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How To Work Out With Low Back Pain

The New Year is here and we are all wanting to shed those extra holiday pounds. The problem is, you have a history of lower back pain and you don't want to aggravate your back.

Which Exercises Are Safe To Do Without Causing Lower Back Pain?

There are many causes of lower back pain. A muscular strain, disc herniation or arthritis will all have different activities and positions to avoid.

As a rule of thumb, if you have a history of lumbar disc herniation or protrusions, you should avoid excessive lumbar flexion (bending forward). Examples include abdominal crunches and sit ups, dead lifts, and hip hinges. Even when you are stretching, be careful to avoid hinging from the waste.

Lumbar Flexion

If you have a history of arthritis or stenosis, you should avoid excessive lumbar extension, or bending backwards. Examples include back extensions over a plinth, or a cobra yoga position. Pay close attention to your spine when lifting weights for your upper body and be sure to avoid excessive lumbar extension (leaning backwards). You may have to reduce the weights you are using to maintain the integrity of your spine.

Lumbar Extension

However, if you keep good alignment of your spine, most exercises are safe to perform. Research shows the more you move, the better. Avoiding exercise because of your history of back pain is not the best solution.


Safe exercises for the lumbar spine, whether you have a history of disc bulge or arthritis/stenosis include exercises where your spine is relatively neutral. Check out the following examples of safe exercises:

1. Pelvic Tilt:

Engage your lower abdominal muscles by pulling your belly button in towards your spine and flattening your lower back (small of the back) into the floor/wall. You can do this laying on your back, sitting, or standing.

Hold each contraction for 5 seconds and repeat 30 times.

2. Pelvic Tilt With Lower Leg Movements:

Maintain the pelvic tilt position, and either march or extend the legs. Keeping the pelvic tilt is key. This is a lower abdominal exercise.

Repeat 3 sets of 30.

Pelvic Tilt with March
Pelvic Tilt with Leg Extension

3. Plank:

Keep your back straight, and assume the plank position. This can be done on your knees, or be progressed so only your hands and feet are making contact with the ground.

Repeat 3 sets of 30-45 seconds.

Plank on Knees

Full Plank

4. Side Plank:

Keep your back straight, assume the side plank position. This can be done on your knees initially and progress to just your feet.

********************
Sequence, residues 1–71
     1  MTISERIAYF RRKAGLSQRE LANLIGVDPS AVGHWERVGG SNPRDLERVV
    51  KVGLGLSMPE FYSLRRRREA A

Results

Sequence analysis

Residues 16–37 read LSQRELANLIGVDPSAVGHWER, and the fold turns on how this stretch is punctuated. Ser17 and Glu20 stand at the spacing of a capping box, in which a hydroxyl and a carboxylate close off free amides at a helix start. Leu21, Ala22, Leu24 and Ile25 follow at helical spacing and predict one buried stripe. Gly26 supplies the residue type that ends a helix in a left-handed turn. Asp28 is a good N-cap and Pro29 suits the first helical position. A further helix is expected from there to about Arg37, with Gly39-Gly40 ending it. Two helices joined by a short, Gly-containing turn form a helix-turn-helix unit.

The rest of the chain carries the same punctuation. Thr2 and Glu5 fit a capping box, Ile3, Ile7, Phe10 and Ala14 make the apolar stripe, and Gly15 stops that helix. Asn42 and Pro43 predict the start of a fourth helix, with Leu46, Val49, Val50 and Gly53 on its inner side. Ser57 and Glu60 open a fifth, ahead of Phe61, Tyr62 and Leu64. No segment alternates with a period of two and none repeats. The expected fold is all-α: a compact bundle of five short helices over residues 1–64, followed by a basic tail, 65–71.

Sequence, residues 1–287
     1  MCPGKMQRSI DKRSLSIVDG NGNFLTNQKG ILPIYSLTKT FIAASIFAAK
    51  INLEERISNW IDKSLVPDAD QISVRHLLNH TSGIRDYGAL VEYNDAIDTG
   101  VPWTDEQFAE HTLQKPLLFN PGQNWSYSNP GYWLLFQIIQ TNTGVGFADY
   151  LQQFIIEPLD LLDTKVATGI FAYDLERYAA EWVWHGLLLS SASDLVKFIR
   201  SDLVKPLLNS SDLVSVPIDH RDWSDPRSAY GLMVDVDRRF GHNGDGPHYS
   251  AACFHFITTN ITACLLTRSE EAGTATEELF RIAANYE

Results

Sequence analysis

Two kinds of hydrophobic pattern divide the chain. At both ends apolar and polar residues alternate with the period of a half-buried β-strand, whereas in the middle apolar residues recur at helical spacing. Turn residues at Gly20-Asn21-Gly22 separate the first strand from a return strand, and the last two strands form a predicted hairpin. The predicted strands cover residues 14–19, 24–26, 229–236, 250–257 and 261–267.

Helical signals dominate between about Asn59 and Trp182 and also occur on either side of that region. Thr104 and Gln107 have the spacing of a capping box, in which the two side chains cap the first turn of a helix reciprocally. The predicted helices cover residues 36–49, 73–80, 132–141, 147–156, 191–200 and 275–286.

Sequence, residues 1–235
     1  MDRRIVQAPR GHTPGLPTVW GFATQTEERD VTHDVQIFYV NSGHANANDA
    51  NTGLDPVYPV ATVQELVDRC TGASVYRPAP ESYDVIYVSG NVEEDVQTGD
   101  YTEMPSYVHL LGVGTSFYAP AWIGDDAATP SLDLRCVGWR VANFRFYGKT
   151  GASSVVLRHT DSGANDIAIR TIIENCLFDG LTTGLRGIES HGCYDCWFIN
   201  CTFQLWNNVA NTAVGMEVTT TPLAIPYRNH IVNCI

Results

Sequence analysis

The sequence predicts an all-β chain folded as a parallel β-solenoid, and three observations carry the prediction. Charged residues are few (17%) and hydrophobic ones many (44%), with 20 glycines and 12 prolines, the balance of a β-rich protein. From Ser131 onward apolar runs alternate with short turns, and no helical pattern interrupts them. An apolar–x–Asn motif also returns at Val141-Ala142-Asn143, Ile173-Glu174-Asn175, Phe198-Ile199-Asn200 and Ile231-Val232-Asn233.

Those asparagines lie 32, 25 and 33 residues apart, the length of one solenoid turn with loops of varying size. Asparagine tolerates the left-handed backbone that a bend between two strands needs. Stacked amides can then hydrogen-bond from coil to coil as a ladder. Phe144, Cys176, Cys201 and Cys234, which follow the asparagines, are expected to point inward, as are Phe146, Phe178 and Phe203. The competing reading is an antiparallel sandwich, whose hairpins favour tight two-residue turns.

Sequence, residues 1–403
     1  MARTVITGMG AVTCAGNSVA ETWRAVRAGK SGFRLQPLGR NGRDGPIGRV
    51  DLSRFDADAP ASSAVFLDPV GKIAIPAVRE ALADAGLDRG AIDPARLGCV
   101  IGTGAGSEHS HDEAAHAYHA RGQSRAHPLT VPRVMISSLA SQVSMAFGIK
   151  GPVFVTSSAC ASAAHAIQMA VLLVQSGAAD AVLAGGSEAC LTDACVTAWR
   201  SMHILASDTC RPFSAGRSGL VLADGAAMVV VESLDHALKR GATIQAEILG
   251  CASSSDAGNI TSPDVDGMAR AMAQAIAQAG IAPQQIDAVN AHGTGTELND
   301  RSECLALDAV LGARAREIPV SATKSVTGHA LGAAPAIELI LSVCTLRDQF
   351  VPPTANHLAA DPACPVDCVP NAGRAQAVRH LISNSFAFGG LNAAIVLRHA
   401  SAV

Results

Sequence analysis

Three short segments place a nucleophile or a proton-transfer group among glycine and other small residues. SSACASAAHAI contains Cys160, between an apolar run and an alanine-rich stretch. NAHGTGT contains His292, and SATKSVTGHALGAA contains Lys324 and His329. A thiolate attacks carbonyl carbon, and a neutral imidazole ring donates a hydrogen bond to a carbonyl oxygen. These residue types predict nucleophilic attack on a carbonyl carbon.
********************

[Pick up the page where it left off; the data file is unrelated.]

Repeat 3 sets of 30-45 seconds.

5. Bird Dog:

Bird Dog

Assuming the quadruped position, keep your back straight (pelvic tilt) and reach out opposite arms and legs.

Repeat 3 sets of 10 on each side.

6. Squat:


Keep good alignment of your back and make sure your knees do not move forward over your toes. Bend down and then return to standing position.

Repeat 3 sets of 10. Progress with weight as tolerated.

7. Lunge:


Keep good alignment of your back and make sure your knees do not move forward over your toes, slowly bring your back knee towards the ground and return to standing.

Repeat 3 sets of 10.

8. Bridge:


Keep a pelvic tilt, knees bent, and raise your bottom off the ground. Hold for 5 seconds and return to the ground.

Repeat 3 sets of 10.


You can get creative with these exercises, introducing a physioball, BOSU ball or half/full foam rollers to increase your challenge. All of the above exercises are effective and safe abdominal and back exercises, but of course, if you experience pain, STOP! Always listen to your body and do not push through any exercise that is uncomfortable.


What About Cardio?

If you are wondering what cardio exercises work best for you and your back, consider the position of the activity.

1. Biking: This typically causes lumbar flexion. This can be aggravating for those that have a history of disc bulge/protrusions, but great for those with arthritis/stenosis or other knee and ankle injuries.

2. Treadmill/Outdoor Running: Excessive pounding on the joints may aggravate those with disc injuries or stenosis. A fast walk will be better for the joints. But if you love the feeling of a good run, I'd recommend using he elliptical, as it reduces the impact on the spine.

3. Stairmaster: This keeps the spine relatively neutral. It's a safe exercise for most people with back injuries.

If you continue to experience back pain, you should consult with your Physical Therapist sooner than later. You should not have to live with pain! Start off your New Year without back pain and Click here for a free consultation!

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